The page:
While a single, descriptive paragraph does very little justice to the complexity of Bethune’s story, even from this brief description of her life there emerges a set of rich opportunities for debate and discussion. How did the Canadian context of the same historical period compare to this U.S. situation? Are there, in the present multicultural environments that make up our classrooms and schools, students and educators whose family histories or personal experiences resemble Bethune’s? How might such experiences affect the worldview of my students, their parents, and my co-workers? Do women today, particularly women of colour, deal with the same kinds of discriminatory social behaviours that Bethune overcame? Do I, as an educator, unaware of my underlying assumptions or biases, contribute to discriminatory practice?
Not only could personal histories, like Bethune’s, represent imbalances in power, they could stimulate personal reflection and, potentially, transformative action. The questions posed above are the products of the kinds of analyses that pounce out of the texts when we engage with, discuss, and debate powerful stories.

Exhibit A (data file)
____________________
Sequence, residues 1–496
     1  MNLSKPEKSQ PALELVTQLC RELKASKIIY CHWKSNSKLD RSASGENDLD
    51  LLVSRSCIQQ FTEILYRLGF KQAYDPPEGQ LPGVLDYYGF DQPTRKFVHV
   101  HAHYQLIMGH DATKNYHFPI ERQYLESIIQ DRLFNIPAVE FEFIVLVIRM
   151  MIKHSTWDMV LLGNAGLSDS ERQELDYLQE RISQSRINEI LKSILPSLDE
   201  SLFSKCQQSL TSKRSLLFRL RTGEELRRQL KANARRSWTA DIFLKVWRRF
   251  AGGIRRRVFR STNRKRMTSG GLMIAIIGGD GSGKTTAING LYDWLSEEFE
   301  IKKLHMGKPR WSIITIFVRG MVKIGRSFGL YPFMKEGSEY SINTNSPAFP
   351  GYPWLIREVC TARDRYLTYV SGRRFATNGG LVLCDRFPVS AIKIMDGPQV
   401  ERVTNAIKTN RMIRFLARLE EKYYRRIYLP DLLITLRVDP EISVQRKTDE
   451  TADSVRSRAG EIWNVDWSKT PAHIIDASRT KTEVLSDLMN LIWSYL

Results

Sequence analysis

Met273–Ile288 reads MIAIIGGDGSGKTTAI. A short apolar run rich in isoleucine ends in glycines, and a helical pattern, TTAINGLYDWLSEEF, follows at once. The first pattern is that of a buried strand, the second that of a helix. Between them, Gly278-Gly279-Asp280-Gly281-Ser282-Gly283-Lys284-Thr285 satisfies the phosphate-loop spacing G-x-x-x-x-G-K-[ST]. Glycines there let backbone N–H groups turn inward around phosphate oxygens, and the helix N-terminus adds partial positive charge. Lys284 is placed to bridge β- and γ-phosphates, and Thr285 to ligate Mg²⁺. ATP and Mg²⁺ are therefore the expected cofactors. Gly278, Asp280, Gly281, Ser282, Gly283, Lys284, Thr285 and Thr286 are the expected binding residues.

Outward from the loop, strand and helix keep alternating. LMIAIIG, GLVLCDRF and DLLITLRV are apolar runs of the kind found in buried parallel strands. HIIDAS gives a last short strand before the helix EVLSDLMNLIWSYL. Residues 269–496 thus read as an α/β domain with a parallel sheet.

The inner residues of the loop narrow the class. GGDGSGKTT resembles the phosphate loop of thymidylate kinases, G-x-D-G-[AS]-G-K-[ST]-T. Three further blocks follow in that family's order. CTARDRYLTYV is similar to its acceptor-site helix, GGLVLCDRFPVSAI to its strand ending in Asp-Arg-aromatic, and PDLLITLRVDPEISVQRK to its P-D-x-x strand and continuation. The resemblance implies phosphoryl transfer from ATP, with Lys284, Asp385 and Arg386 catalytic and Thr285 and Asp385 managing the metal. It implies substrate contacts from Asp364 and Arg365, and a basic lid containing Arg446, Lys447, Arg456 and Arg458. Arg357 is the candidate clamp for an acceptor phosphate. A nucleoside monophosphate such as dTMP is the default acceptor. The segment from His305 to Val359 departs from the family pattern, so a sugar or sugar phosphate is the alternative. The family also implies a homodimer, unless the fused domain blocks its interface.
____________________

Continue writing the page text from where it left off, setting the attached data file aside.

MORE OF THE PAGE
These stories emerge from the historical record and are extremely relevant to present classroom action and practice, as demonstrated by the Bethune story. Stories about educators and educational contexts from history can, while opening up forums for rich discussion and study of the past, correlate the content of history to the lived experiences of educators and teacher candidates. While the questions, triumphs, and defeats experienced in contemporary classrooms are sometimes particular and unique, more often they are not.
The study of history via personal stories and narratives is an opportunity to develop the interpretive tools that enable educators to reflect deeply upon the implications of the setting and situation in which education happens. It provides an occasion to grapple with the complex understanding that education is intimately related to the situational learning context. In order to discover where we are, it is essential that we consider where we came from, who came before us, and how our living, learning, and working environments were shaped. These considerations all relate to educational history, and they are all topics that should be explored through stories and critical discussion rather than with textbook summaries, drill, and recall of dates.